Momodou Sabally – From Baba La Commando To Barrow La Generalo

The defection of Momodou Sabally, the former Campaign Manager of the opposition United Democratic Party (UDP) to their bitterest rival, the ruling National People’s Party (NPP), no doubt came as a very big surprise to even the shrewdest political analysts, and it would certainly have some possible significant repercussions for this country’s political terrain .

By changing his political slogans from Baba la Commando to Barrow la Generalo, Sabally seems to have taken his riskiest political move since plunging into active politics. The move would either propel him to the centre stage of Gambian politics or spell the end of his political relevance in this country. Personally, I have always admired Sabally for his resilience and thick skin, ready to take all sorts of castigations and criticisms, always with a smile. However, I never thought that he was capable of playing such chameleon tactics. I hope the NPP would also take note of that, lest they become victims of such tactics from him.

We have all witnessed how Sabally ended up during the Jammeh regime; from grace to grass and he still managed to rise up after the change of regime and became a formidable political force. While a majority of his contemporaries during the Jammeh era went into hibernation after the advent of the new regime, he refused to be “caged” and took the center-stage in the political terrain.

Initially, he cozied up to President Adama Barrow but he later abandoned the Barrow camp and joined the UDP, virtually becoming the right hand of UDP leader Lawyer Ousainou Darboe. Some people attributed that move to his anger against the Barrow government for issuing the white paper endorsing the recommendations of the Janneh Commission to ban him for life from holding any public office as a result of being accused of complicity in former Gambia’s President Yahya Jammeh’s financial mismanagement.

While at the UDP, Sabally became the fiercest critic of the Barrow administration, constantly heaping all sorts of criticisms against the government, accusing it of wanton corruption and mismanagement. He described the government as a “kereng kafoo” (a group of squirrels) that were constantly pilfering with public resources. Can we therefore assume that he is now one of the “kerengho” and he would not hesitate to join in doing what he had been accusing members of the government of being engaged in?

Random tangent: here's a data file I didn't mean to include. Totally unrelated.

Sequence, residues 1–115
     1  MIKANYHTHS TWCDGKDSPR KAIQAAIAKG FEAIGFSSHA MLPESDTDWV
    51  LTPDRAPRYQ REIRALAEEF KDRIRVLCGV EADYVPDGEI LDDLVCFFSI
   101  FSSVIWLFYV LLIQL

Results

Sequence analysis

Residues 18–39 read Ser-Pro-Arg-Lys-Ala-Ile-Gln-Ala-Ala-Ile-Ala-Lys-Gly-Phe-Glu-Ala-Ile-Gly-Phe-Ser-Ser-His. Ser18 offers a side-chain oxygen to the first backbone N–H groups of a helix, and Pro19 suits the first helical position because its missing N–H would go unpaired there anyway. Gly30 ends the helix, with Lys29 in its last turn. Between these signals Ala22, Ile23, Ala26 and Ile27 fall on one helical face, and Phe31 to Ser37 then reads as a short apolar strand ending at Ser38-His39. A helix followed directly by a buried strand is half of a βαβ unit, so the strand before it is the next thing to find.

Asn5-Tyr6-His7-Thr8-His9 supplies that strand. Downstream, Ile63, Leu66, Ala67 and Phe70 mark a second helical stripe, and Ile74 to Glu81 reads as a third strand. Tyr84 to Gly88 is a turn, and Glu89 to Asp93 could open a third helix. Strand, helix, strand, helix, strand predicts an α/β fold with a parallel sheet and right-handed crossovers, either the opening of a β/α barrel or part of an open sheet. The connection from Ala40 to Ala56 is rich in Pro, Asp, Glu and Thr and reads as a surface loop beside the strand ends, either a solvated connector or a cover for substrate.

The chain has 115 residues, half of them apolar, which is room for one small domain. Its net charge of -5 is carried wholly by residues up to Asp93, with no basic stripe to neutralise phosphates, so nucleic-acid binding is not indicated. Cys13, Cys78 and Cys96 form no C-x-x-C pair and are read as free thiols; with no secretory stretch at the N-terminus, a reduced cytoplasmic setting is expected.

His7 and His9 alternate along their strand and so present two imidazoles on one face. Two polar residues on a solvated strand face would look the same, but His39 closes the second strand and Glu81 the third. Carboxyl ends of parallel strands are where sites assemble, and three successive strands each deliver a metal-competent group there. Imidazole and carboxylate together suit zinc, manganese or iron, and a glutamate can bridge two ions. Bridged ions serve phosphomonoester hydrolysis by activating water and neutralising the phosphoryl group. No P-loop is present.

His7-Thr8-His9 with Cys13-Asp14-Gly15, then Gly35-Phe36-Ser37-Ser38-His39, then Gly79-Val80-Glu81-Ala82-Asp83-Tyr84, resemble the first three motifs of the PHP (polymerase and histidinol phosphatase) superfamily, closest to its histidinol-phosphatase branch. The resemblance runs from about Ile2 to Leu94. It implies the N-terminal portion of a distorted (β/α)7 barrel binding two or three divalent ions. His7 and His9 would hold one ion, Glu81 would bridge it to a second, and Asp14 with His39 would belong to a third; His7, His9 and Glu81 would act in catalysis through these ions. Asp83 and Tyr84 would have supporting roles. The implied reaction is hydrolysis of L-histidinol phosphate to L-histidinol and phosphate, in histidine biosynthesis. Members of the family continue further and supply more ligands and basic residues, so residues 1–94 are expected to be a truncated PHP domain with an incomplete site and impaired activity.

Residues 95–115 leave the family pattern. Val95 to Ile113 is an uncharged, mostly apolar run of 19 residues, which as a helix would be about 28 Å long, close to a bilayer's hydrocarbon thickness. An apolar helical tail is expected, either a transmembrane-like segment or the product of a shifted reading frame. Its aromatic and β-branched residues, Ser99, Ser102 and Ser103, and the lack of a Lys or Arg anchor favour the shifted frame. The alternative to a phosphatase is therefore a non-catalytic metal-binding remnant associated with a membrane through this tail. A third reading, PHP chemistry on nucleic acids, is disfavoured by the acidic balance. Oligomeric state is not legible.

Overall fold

Some people however said that Sabally’s defection did not come to them as a big surprise because the signs of a possible rift between him and the party hierarchy was always there. It was obvious that on many occasions, his views and comportment on some issues were diametrically opposed to the UDP’s policies. A good case in point was his support for the repeal of the law banning FGM, which the party spokesman came out to debunk.

After abandoning the Barrow camp for the UDP, Sabally eventually rose through the ranks to the position of Campaign Manager, and he was no doubt quite effective in that position. UDP’s impressive performance in the last legislative, local government and mayoral elections in the Greater Banjul Area and the West Coast, in particular, was to a large extent attributed to his popularity amongst the grass root supporters of the party.

There is absolutely no doubt that Sabally had quite a strong support base amongst the rank and file of the party, but whether he can also convince those people to move with him to the NPP, would be hard to predict. One thing is however certain, that is, the UDP has quite a solid support base who are quite hard to be convinced of abandoning the party for whatever reason, but whether he can succeed in taking them along, only time will tell.

Barrow & Sabally

Regardless of the brave face being up by some UDP bigwigs, there is absolutely no doubt that Sabally’s defection to the NPP came as a big blow to the party. Even the very fact that he was so close to the party leader and other members of the executive could be a cause for worry for some of them as he may have very useful information that he could pass on to the NPP, and which they would not hesitate to use against the UDP. The very fact that there is reported to be a lot of jubilation at the NPP camp since the announcement of his defection is an indication of their level of satisfaction with the quality of their catch.

However, while many African politicians are accused of lacking principles and morals, but it would be hard to see how Sabally can easily transform his colour and demeanor by changing his tone and talking good of the NPP while no doubt painting the UDP as bad as possible. Therefore to some political analysts, his very credibility as a trustworthy politician hinges on how he would comport himself within the NPP.

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